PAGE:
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Mets throwing Dodgers different looks

Mets throwing LA different looks

NEW YORK -- In 18 short innings, the prognosis for this National League Division Series has changed. The baseball doctors were off, and the teams have sought a second opinion.

Coming in, there was concern for the Mets' brilliant summer falling casualty to a painful October. Two games into the postseason, some of the Mets may be aching. But the Los Angeles Dodgers are aching for a win.

Pedro Martinez's right shoulder still bears the fresh scar of an operation on Thursday morning. Orlando Hernandez's right foot is still in a boot. Cliff Floyd's left Achilles tendon is still sore -- more than ever, actually, after an aggravation Thursday night.

But the Mets, and their game, are a picture of health compared to the Dodgers -- who turn out to have been held together with adhesive tape, and mirrors.

The tape is all around Nomar Garciaparra, whose departure midway through Game 2 had an unsettling trickle-down defensive effect on the Dodgers.

And the mirrors? Well, that and smoke may explain the Dodgers' National League-best 41-19 record the last two months with a bullpen of schizophrenics.

While the Mets have shortened two games with stellar relief, the Dodgers have had former starters (Brad Penny) relieving and a former reliever (Hong-Chih Kuo) starting.

So it didn't take much for the Mets to be able to fly westward one notch short of the next step toward their destiny. Well, Tom Glavine did pitch masterfully for six innings at Shea Stadium. But for Glavine, who has lived 40 years and 290 wins and numerous postseason lifetimes, this was almost a bore.

"I'm like running around with my head cut off," said Floyd, "and I see this guy before the game all relaxed. He was at peace."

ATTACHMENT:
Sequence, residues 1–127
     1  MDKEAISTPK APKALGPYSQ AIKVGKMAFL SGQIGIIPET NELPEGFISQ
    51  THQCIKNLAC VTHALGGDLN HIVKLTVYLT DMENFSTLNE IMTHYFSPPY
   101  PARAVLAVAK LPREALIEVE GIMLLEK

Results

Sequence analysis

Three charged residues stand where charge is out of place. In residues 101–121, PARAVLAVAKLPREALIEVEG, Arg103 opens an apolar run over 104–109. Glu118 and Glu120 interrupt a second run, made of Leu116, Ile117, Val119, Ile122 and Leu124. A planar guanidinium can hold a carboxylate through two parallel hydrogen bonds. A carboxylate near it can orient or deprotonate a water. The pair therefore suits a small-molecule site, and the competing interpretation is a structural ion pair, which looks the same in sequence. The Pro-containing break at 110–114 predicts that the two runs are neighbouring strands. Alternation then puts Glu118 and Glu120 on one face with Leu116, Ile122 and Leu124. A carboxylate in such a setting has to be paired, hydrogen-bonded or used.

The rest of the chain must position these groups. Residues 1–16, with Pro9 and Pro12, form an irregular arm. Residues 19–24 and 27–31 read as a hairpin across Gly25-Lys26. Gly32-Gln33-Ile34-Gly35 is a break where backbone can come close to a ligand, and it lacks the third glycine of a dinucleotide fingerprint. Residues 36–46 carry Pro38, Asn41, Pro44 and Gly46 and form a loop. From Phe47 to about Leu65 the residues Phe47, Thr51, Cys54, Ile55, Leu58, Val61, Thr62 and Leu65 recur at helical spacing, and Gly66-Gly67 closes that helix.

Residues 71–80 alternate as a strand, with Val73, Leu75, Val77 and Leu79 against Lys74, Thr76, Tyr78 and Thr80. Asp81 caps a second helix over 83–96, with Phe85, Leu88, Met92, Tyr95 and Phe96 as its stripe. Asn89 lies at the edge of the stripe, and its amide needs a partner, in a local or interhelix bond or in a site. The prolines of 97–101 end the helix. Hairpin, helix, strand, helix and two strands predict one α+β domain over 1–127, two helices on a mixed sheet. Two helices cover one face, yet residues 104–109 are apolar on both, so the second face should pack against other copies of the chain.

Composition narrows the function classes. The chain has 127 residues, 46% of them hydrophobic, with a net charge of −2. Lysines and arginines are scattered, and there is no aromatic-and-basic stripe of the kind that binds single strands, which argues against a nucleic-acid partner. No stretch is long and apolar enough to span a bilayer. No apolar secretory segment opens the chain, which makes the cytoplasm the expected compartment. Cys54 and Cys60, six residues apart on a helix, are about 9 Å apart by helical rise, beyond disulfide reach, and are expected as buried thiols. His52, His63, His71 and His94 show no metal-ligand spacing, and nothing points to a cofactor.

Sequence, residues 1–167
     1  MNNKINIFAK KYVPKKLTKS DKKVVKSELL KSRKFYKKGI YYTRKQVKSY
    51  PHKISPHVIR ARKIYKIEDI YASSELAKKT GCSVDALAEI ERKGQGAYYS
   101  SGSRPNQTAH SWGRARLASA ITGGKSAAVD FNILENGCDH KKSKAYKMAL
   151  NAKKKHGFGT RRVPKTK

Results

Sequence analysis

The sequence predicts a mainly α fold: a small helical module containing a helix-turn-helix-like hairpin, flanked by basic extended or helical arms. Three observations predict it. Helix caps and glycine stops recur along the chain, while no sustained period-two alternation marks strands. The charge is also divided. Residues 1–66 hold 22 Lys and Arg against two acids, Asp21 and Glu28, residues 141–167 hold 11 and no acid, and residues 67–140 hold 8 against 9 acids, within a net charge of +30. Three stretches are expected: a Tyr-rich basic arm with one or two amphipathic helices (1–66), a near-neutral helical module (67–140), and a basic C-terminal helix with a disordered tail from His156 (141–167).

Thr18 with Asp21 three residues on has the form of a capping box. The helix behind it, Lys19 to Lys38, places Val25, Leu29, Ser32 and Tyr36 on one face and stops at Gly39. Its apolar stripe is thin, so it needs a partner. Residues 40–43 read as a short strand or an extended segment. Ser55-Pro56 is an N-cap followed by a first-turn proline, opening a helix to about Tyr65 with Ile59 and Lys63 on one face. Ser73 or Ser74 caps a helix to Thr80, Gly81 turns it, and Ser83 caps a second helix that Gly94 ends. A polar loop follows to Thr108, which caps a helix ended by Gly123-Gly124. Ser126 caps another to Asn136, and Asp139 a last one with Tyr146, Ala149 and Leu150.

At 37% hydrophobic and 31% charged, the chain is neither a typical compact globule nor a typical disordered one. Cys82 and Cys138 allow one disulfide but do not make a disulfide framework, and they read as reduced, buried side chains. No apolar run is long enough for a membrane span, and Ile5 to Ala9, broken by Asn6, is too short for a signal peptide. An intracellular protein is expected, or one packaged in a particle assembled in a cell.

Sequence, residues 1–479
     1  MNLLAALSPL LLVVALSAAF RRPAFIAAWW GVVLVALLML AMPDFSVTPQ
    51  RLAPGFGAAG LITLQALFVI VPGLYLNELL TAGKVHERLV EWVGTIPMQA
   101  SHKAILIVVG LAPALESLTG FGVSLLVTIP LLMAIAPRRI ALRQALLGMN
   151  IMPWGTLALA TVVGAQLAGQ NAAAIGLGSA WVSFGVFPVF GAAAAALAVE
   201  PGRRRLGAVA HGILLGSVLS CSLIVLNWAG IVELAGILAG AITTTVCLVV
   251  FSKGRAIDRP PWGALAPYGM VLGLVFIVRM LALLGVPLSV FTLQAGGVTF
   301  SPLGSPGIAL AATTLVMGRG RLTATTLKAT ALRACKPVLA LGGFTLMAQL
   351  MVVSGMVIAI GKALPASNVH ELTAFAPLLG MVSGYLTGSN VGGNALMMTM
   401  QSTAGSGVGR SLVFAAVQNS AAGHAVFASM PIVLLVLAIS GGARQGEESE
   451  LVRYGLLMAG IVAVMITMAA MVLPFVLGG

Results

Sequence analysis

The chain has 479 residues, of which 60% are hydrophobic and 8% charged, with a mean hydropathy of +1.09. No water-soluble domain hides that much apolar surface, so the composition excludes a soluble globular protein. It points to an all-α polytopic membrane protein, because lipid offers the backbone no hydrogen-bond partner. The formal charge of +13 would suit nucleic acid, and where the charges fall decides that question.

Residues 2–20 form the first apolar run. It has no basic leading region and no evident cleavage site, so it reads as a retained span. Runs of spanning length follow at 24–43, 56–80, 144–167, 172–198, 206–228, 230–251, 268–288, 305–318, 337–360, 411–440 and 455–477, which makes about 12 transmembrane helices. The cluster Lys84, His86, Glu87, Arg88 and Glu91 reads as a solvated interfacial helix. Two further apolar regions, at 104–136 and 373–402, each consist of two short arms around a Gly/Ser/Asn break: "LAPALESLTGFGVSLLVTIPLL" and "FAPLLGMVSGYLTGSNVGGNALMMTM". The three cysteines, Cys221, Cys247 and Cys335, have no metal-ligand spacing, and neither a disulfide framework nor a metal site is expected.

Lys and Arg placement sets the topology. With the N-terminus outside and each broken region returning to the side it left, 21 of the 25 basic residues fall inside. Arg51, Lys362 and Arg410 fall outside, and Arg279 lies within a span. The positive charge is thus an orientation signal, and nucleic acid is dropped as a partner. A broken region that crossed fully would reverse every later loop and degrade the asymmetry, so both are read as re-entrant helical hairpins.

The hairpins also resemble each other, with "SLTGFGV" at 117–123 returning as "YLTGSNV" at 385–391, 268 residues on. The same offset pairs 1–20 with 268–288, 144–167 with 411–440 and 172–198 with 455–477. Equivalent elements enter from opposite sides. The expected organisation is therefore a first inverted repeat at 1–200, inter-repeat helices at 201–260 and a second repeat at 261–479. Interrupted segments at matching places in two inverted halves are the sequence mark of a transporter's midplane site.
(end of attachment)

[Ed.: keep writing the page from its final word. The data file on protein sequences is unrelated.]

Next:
Otherwise, the Mets needed to score three runs without a ball leaving the infield for a 4-1 victory and the traditional 2-0 series lead -- a tradition ignored only by the Tigers and Yankees.

This Division Series will resume Saturday in Los Angeles. The Mets will soon be coming back to New York. Whether they'll be bringing the Dodgers with them remains to be seen.

"This will be one of the first times in any of our lives we'll be looking forward to flying back here so shortly," said Los Angeles manager Grady Little, apparently not fond of the big city.

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For two days, the Mets have emptied their arsenal against the Dodgers. That includes big weapons, as well as the baseball version of water torture.

A night after pulling out the big home runs and big doubles, the Mets wore down the Dodgers with sharp fielding. And the speed of Endy Chavez and Julio Franco, who between them average 38 years.

"We can win a lot of different ways," said Jose Reyes, whose sixth-inning single to center drove in the Mets' final run. "It doesn't always have to be with power."